Cuban Entrepreneurs With a Conscience

Article and photo by Raquel Blanco

Pavel Garcia walks down the streets of Old Havana, a young man with tousled shoulder-length hair and a beard, dreaming of opening his own nongovernmental organization, or NGO – which in today’s Cuba is still a near-impossibility. He is trying to ensure that tourist dollars trickle down to local communities that have not yet benefited from the cuentapropista boom – the private entrepreneurs who are capitalizing on both changes in government economic policy and the gentrification of Old Havana.

Garcia works in Old Havana, which is undergoing serious renovation. The government, with support from UNESCO, has restored several colonial-style neighborhoods and plazas, creating an atmosphere that could rival the historic districts of Madrid or Barcelona. As more private businesses emerge, tourists are finding an array of paladares – private, often family-run, restaurants – and high-end shops.

Pavel Garcia, an entrepreneur, is trying to find ways to provide economic stimulus and benefits at the community level.
Pavel Garcia, an entrepreneur, is trying to find ways to provide economic stimulus and benefits at the community level.

Dollars and CUCs, the local currency that is pegged to the dollar and formally called Cuban Convertible Pesos, flow through Old Havana and represent a significant increase in earnings for many Cubans. The average state-paid salary of, say, a doctor, is the equivalent of about 20-24 CUC a month. People who work independent of the state, in tourism for example, or the restaurants, can make 15 CUC a day.

This disparity in incomes can be traced in great part to Cuba’s dual-currency system. The CUC, which has buying power equivalent to the U.S. dollar, was initially used mostly for tourists. The peso (CUP), which is exclusively for locals, is valued at about 5 cents. (On the streets of Havana, markets today might sell in pesos and convert to CUCs, or exclusively in CUCs.) This great devaluation of the Cuban currency has led many people to leave state jobs or to take additional jobs in the private sector to earn CUCs. The government is expected to merge the two currencies this year.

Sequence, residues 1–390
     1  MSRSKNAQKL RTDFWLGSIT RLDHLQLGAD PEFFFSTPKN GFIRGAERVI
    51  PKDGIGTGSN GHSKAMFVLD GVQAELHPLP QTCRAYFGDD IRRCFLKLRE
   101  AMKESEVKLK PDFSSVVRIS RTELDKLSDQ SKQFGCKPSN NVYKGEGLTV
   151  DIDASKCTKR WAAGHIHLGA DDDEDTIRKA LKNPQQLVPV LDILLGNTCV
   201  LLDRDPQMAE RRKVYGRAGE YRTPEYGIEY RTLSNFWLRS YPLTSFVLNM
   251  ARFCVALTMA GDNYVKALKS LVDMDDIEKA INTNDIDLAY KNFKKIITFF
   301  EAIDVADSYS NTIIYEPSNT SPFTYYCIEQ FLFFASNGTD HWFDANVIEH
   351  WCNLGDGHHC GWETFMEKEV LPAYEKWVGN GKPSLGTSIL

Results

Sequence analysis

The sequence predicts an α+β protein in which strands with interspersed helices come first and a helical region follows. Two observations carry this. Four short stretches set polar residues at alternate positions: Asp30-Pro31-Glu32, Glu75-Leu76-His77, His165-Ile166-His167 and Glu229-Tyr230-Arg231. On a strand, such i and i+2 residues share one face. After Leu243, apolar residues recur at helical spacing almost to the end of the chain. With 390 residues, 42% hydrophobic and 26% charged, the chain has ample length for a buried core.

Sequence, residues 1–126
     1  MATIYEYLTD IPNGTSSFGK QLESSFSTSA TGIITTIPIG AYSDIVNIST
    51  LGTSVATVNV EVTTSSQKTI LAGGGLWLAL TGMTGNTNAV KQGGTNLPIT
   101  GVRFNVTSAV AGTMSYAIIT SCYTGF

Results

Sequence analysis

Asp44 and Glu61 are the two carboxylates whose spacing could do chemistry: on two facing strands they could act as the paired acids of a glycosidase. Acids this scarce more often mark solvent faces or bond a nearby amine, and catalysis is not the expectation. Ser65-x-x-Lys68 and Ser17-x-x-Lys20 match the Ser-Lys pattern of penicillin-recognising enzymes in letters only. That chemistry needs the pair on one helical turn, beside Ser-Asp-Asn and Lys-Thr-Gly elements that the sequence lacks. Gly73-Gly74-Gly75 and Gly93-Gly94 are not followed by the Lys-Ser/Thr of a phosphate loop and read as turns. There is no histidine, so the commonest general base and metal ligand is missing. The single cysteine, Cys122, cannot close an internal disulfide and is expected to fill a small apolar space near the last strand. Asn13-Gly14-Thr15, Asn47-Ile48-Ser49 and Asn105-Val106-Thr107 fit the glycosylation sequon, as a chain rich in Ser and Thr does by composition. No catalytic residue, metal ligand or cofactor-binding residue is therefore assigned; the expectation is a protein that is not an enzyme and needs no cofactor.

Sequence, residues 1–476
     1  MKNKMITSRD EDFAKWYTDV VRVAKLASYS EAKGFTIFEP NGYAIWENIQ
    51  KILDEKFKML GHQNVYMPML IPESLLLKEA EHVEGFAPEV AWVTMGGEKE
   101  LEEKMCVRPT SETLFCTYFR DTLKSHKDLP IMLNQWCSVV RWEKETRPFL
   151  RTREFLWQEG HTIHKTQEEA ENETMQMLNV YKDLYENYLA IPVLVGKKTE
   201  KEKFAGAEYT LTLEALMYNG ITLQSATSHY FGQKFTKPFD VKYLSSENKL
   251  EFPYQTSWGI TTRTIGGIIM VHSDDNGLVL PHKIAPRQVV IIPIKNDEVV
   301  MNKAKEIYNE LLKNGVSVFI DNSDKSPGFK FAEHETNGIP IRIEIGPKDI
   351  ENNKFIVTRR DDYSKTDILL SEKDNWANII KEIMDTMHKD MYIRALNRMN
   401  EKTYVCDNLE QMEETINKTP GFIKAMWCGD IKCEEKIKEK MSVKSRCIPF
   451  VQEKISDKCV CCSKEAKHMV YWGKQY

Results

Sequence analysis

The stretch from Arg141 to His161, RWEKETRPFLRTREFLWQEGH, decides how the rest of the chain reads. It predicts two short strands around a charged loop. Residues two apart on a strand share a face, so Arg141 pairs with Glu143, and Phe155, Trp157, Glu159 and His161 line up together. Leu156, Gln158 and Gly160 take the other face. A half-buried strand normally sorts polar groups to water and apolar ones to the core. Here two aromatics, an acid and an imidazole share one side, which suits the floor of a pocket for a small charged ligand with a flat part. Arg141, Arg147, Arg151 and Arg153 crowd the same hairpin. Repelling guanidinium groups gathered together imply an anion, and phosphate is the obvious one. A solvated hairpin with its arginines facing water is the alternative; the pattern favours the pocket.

Although the concept of working for $20 a month may seem unfathomable to many people, Cubans do receive an array of social services, including free health care and education, as well as subsidized utilities and housing.

For about 20 years after the revolution ended in 1959, income inequality was not a major issue. The Gini coefficient, an indicator of a country’s spread of wealth, ranges from 0, which is basically a communist utopia with no inequality, to 1, which indicates high income inequality. In 1963 Cuba had a Gini coefficient of .28, according to a study by the Institute for Cuban and Cuban-America Studies at the University of Miami.

A low level of income inequality in Cuba reflected the fact that almost everyone worked for the state. In 1989, only 0.7% of the population was considered self-employed, according to Prof. Ted Henken of Baruch College/CUNY. Then came the “Special Period,” in the early 1990s, when the Soviet Union collapsed and withdrew its economic support of Cuba. Shortages of food, medicine and much else caused the government to recognize the need to change its economic plan. Foreign investment and small businesses were needed to help revive the economy.

Since then, Cuba has gradually sanctioned small businesses and cooperatives, which are businesses that are run by their employees. One result is that income inequality has continued to widen. This has led many Cubans to wonder how their country can preserve its socialist values even as its moves to liberalize its economy.

“It is not easy, but it is not difficult,” Garcia asserted. Cubans seem to unite around the idea of solidarity. Regardless of their business, they seem to believe that they can help each other out and that they stand a better chance of progressing economically if they pull together.

Even many cuentapropistas — a word derived from the Spanish term “working for your own account” – say they want to spread their wealth. Garcia said he believed that sometimes all people need is a mediator to help them convert that desire into something tangible.

This problem animates Garcia and many of the cuentapropistas he works with. In the beautifully refurbished Plaza Vieja, in Old Havana, they created programs that aim to use the plaza for the community.

<center>Photo by Trudy Knockless</center>
Photo by Trudy Knockless 
Aleida Gonzales Vera joined with neighbors to merge small neighboring houses into a small hotel that can host up to 50 students.

While the “government invests money in the Plaza,” Garcia said, the locals “feel like ‘it’s not for me,’ it’s for the tourists.

For example, at the private restaurants in the plaza, menu prices are beyond the means of a state-paid Cuban. At one coffee shop, La Bohemia, an employee said an average Cuban could come only “once in a while,” and that no more than 30 percent of its customers are local Cubans.